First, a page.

The Quants Book Review 2017

The Quants Book Review 2017

I have to say - this was a surprisingly engaging and enjoyable read. The book follows a handful of quantitative hedge fund managers from the 60's up to the Great Recession of 2008-09. These people created mathematical formulas to predict and play the stock market, making trillions in the process.

The book details the rise of quantitative finance, as well as many of the falls along the way. It's a great read that mixes history, narrative, and excitement. I found myself learning along the way in a fun and engaging manner. Kudos to Patterson for crafting an insightful and entertaining read.

If you're thinking about picking up a copy of "The Quants" I encourage you to use my link. It costs you nothing and helps me keep the site running for you!

What's The Book About

Patterson wrote this book to tell readers the story of quantitative investment and finance. It's the story of math geniuses who use their skills to craft complex systems that invest money and play the market.

He starts with Ed Thorp, one of the first people to use the mathematics of gambling to beat Wall Street. Many would call Ed Thorp the father of card counting and the father of quantitative investments.

The book then evolves with new people, new math, bigger computers, faster algorithms, and greedy investment banks. It concludes, finally, with the events of The Great Recession and the roles of quantitative hedge funds in that disaster. It also gives a small look at the world of mathematical hedge funds in today's world.

There's a little crossover with Michael Lewis's "Flash Boys" which is also a great read if you ever get to it. Lewis's "Flash Boys" details the story of high-frequency computer-driven trading which Patterson also brushes on in "The Quants". The two are rather supplemental reads.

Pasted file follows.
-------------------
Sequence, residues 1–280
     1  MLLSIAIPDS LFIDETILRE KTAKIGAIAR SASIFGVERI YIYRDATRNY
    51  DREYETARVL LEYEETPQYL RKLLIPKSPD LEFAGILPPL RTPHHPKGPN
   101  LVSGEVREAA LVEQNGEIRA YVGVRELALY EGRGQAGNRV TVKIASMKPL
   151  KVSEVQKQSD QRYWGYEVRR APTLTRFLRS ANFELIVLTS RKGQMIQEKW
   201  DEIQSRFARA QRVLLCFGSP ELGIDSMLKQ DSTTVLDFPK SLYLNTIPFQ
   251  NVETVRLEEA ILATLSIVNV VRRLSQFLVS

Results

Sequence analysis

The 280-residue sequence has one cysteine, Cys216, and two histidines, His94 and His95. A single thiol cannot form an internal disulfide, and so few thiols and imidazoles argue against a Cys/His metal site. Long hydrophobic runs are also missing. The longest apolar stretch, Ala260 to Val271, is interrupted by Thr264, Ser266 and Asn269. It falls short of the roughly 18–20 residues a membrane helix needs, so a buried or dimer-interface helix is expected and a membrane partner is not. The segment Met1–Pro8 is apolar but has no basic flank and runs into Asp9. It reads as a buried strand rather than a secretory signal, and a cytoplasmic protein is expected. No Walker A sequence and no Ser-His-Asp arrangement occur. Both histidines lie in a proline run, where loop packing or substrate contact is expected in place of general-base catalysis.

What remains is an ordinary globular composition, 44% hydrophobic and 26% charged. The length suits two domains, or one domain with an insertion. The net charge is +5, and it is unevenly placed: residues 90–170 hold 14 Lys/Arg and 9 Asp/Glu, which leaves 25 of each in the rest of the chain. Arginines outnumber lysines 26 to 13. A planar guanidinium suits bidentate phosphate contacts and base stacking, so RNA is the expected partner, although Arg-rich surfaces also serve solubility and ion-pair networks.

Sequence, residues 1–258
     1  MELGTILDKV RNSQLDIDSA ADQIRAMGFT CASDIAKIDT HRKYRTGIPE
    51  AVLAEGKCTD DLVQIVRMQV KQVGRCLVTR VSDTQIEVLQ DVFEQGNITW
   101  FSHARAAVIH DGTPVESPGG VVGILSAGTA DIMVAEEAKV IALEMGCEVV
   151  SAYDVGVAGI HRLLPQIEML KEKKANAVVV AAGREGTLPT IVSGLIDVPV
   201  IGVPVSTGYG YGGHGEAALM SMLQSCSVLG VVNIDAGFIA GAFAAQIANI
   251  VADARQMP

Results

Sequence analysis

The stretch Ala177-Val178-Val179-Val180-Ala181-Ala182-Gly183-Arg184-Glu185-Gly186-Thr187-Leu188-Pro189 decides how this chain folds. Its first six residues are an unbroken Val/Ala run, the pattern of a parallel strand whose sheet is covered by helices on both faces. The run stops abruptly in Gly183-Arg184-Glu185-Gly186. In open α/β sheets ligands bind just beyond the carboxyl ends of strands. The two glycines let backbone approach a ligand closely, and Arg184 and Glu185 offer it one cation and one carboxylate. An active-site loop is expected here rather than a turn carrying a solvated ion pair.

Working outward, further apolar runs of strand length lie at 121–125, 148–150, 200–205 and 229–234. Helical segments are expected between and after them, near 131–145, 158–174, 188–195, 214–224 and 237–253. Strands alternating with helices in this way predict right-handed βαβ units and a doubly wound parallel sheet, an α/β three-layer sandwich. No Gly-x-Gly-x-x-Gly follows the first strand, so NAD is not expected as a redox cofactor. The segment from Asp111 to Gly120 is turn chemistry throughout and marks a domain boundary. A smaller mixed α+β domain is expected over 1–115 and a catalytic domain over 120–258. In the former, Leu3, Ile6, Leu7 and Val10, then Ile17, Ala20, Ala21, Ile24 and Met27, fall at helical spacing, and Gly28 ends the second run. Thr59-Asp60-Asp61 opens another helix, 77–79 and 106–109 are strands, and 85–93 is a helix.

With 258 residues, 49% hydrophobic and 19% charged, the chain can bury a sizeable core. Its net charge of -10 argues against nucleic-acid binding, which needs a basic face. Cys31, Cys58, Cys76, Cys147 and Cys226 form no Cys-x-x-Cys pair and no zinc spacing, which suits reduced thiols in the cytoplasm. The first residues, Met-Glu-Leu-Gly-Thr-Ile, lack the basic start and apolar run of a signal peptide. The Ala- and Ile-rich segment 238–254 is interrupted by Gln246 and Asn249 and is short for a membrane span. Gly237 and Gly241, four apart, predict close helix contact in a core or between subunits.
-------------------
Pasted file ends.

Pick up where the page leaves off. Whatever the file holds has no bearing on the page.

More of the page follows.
If you're interested in picking up "Flash Boys" you can use my link here - it helps me keep the site running and costs you nothing!

Who Should Read "The Quants"?

Because it's more of a narrative read and remains engaging throughout the length of the book, it makes an easy read. You should read "The Quants" if you're interested in learning more about the world of hedge funds and quantitative investments. It's a fun way to increase your breadth of knowledge about what's actually happening with major stock market players without being bored to death.

It also gives a rather comprehensive and detailed view of the role of hedge funds on some of the great market crashes in recent history. Black Monday, the Tech Bubble, and The Great Recession can all be seen from the viewpoint of the quantitative hedge fund world.

If you liked Michael Lewis's "The Big Short" whether you saw it on video or read the book (I recommend both) then you'll love "The Quants".

I encourage all of you to read these books. They're fun ways to learn different perspectives of what has caused some of the major meltdowns in the economy in recent years. In my view, we are only good as investors to the extent of our knowledge. Expand your horizons with a fun read!

Conclusion

Ultimately I thought that the book was worth my time. It is a bit long, and if it had dragged any longer I would have lost interest. However, the narrative is fun and exciting enough that it keeps things moving and kept me reading.

I like "The Quants" because of its alternative perspective on the shaping and events of modern finance. it. For me it shed light on a new area of investing that I have been aware of but uneducated about.

I recommend The Quants for your reading!

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